Captain Richard Graeffe, of Company A, was still home on furlough in Easton.  While he was away, Washington, D.C. photographer David Bigley was granted permission to set up his camera and "studio" in Graeffe's "log palace."  Bigley would make Ambrotypes [photos on glass] for soldiers of the 47th PA so they could send them to their families and friends before shipping off to Florida to man Fort Zachary Taylor on Key West and Fort Jefferson on Shark island in the Dry Tortugas.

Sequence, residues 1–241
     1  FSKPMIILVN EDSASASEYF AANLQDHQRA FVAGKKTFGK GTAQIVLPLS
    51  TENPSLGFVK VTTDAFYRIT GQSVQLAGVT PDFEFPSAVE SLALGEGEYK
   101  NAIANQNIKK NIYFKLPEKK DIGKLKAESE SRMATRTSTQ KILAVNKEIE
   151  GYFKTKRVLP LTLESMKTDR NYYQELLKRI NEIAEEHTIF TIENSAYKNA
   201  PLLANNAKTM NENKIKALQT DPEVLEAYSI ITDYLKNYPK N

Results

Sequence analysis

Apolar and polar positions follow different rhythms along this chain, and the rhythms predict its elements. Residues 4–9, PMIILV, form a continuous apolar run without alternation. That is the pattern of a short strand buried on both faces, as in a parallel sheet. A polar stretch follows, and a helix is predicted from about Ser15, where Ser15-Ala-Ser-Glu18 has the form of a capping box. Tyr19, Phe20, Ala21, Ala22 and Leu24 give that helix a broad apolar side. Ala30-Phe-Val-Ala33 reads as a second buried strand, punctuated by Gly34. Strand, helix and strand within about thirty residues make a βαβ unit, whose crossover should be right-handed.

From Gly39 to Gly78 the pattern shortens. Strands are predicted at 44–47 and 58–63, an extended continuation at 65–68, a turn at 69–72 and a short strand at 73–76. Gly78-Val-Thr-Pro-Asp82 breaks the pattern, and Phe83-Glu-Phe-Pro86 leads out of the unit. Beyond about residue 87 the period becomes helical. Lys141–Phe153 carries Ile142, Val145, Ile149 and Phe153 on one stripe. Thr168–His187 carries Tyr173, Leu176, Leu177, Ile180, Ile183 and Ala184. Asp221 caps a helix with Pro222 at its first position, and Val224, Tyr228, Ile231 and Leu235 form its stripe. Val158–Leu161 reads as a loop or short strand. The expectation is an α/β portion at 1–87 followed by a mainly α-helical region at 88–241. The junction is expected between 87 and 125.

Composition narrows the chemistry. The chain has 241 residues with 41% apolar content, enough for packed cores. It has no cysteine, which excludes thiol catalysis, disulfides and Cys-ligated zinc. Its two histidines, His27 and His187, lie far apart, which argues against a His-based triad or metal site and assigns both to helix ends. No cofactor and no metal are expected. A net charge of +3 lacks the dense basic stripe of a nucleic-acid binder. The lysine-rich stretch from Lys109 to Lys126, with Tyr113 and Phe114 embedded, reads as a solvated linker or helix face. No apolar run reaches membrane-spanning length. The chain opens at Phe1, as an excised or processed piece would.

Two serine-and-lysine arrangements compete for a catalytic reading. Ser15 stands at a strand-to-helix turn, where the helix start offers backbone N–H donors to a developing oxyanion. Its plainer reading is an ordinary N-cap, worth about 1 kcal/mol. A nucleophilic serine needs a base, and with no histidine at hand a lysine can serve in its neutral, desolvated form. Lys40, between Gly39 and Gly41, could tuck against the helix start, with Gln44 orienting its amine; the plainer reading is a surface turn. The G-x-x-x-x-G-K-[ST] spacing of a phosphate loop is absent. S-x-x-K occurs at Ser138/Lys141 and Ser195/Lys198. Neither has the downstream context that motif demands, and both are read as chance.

Private Mike Delany, of Easton, in Company A wrote wrote to the Easton Daily Evening Express on December 26, "Now that Christmas has emerged into the times that was, it may not be  inappropriate to make a few remarks concerning the manner in which the festival was celebrated by the 'bowld soger boys' in this neighborhood, a place now generally supposed to be infinitely beyond  the pale of civi, I suppose, of its youth and purity, whose internal regions betrayed the fact of its last meal, while on the land of the living, to be a highly seasoned one.  Next came sausages, interminable links of sausage, which, after officiating somewhat in the manner of 'the five loaves and fishes,' enable me to decorate the tent's interior, in an artistic manner, far surpassing the festoons or fresco paintings of the renowned Michael Angelo.  The various other items I must pass over till another opportunity, except the liquids, which I must remark was of such a quality, that before half of it was disposed of, a band of fellows might be heard indulging in the melodious strains of 'We're all a Nodding, bob, bob, a Nodding.'  We must avail ourselves of your columns to return to Mr. Seitz our sincere thanks for such unexpected, and undeserved, kindness, and we earnestly hope and pray that his wine press may never rest from its labors, nor his gobblers degenerate, either in size, quality or number.